When you buy a console that is promoted as the most powerful platform on the market, you expect graphics to be at the state of art, something you cannot find on any other system. Looks like this is the case for PlayStation 4 in the current generation of hardware, as Xbox One is yet to show up its real capacity or if it will ever be on pair with its competitor.
A thread appeared on the popular forum NeoGaf, which states the contrary: PlayStation 4 seems to have some issues in handling the Anisotropic Filtering, a particular tool used by developers to give textures the best look possible from any angle the gamers could watch them. It is often used with textures that get repeated on the same surface (for example, tiles on the floor).
You could have not noticed that, but it is true that the anisotropic filtering gives the image a better overall look, more definition, something that on NeoGaf users arrive to compare to the difference between 900p and 1080p. PS4 has experienced this issue in games like Evolve, Thief, Dying Light, Strider and even in Unfinished Swan, the port from PlayStation 3 – the original had the AF activated.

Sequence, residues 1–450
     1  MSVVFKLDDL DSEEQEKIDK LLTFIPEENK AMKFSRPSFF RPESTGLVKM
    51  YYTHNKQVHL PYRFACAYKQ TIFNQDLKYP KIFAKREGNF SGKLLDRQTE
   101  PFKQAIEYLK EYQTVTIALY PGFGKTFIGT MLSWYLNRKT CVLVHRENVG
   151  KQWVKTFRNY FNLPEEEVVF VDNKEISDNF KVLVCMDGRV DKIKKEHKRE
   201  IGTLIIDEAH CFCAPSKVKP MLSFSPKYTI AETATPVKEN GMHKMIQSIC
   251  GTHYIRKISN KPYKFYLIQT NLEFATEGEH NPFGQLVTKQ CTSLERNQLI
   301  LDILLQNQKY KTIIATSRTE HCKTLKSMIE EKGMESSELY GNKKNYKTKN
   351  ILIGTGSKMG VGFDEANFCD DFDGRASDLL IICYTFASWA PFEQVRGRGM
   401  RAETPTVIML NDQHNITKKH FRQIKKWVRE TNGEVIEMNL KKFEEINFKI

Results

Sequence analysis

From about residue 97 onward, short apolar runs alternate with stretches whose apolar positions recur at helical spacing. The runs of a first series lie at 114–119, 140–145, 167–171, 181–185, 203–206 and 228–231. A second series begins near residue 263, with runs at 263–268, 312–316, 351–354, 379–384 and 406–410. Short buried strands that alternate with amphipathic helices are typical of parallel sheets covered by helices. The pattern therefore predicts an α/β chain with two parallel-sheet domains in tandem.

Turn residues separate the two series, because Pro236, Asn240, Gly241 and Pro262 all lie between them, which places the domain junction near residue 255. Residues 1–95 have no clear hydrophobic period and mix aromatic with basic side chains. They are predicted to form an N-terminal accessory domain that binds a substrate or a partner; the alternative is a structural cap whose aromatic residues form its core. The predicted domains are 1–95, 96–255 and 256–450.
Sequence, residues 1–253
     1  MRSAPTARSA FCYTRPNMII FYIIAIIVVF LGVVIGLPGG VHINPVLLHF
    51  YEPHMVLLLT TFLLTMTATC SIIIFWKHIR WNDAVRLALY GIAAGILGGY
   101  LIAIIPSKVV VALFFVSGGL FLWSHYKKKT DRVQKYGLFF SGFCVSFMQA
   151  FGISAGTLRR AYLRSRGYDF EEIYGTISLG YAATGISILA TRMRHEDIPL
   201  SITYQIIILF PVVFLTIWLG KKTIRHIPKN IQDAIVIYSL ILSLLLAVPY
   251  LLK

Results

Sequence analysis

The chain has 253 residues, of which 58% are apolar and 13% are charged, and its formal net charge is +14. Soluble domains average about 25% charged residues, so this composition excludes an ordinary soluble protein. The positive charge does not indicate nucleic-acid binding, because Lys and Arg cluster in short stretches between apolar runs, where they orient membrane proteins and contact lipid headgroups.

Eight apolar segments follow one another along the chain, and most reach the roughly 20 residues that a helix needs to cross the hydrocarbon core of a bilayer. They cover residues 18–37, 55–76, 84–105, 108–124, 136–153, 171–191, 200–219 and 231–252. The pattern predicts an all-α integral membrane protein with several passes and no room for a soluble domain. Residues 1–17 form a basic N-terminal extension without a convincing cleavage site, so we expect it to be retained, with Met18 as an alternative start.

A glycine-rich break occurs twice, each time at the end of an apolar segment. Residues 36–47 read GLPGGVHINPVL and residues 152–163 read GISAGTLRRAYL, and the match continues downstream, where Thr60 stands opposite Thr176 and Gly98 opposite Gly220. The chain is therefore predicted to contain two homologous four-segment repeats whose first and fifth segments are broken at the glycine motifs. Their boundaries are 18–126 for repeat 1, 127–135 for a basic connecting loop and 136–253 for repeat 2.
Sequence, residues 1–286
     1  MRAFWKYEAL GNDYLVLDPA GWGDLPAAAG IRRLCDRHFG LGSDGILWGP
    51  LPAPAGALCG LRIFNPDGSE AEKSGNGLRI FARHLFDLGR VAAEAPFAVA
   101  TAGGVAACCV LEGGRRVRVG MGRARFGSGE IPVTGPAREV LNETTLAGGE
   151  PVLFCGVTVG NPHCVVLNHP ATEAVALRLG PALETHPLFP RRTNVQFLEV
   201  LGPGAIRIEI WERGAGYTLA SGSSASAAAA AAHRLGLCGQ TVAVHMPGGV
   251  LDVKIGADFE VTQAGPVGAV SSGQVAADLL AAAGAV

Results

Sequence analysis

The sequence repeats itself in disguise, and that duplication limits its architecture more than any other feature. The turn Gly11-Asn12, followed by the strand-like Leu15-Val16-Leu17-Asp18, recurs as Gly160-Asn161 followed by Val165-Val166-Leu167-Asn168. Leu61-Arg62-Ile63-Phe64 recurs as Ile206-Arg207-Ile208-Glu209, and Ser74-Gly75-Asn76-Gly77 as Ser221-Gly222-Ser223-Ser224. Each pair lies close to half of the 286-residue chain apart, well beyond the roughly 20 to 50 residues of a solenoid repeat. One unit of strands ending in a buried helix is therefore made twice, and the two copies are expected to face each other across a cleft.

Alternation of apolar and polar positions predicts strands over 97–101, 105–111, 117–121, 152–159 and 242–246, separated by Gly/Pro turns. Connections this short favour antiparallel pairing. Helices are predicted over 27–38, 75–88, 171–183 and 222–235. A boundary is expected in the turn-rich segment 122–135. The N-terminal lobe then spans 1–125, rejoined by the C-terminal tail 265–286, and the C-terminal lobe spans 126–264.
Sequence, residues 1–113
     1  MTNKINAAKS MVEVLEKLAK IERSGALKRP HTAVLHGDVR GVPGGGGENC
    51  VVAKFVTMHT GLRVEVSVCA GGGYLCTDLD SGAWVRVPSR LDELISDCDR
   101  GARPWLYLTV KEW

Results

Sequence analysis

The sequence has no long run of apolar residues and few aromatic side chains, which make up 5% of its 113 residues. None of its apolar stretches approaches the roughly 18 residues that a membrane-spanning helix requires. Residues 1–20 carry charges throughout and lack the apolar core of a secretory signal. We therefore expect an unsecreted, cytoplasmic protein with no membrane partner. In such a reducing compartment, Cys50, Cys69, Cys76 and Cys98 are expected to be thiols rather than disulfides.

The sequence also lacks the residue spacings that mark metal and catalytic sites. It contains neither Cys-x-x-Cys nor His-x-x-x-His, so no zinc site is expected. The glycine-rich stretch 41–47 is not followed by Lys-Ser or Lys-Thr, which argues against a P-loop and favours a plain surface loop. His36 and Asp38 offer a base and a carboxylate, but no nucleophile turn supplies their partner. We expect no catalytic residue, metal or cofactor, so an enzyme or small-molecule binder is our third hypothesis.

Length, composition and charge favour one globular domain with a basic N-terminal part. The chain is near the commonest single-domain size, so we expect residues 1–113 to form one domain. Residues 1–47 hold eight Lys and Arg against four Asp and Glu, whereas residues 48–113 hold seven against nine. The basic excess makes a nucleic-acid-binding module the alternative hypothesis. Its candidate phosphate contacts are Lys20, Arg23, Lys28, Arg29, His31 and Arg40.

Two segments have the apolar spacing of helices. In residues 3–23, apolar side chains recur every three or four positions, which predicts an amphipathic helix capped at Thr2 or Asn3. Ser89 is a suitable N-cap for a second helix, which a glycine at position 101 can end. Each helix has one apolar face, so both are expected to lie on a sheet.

So it doesn’t seem a problem depending on the power of the console, and even Cort Stratton, the senior programmer on Sony’s ICE Team, stated in a Twitter conversation that “no hardware/SDK issues that I’m aware of. Sounds like a question for the developer.”
@PaulMusings No hardware/SDK issues that I’m aware of. Sounds like a question for the developer.
— Cort (@postgoodism) March 4, 2014
What is happening, then? Nothing surprising, I think. Developers are still getting used to the architecture of PlayStation 4, as they are with Xbox One, so we should only wait for some more months (perhaps a few years) before we can see the true power of this platform expressed.
This could serve as a lesson, though: everyday on the Internet we see people chatting about the power of their favorite console, expressing judgments that seem to impulsive or imprecise. In the first few years, it could be better if we all talk about the adaptability of hardware to the current needs of the developers, rather than the simple raw power.
Raw power is something that will finally show up, maybe, through the last years of the PlayStation 4 and Xbox One generation, once we will be able to look at the limits reached by each platform. Until then, we can only wait and see first-party games striving to express the uniqueness of their console… and tolerate pros and cons deriving from ports or early titles.
Image Source: NeoGaf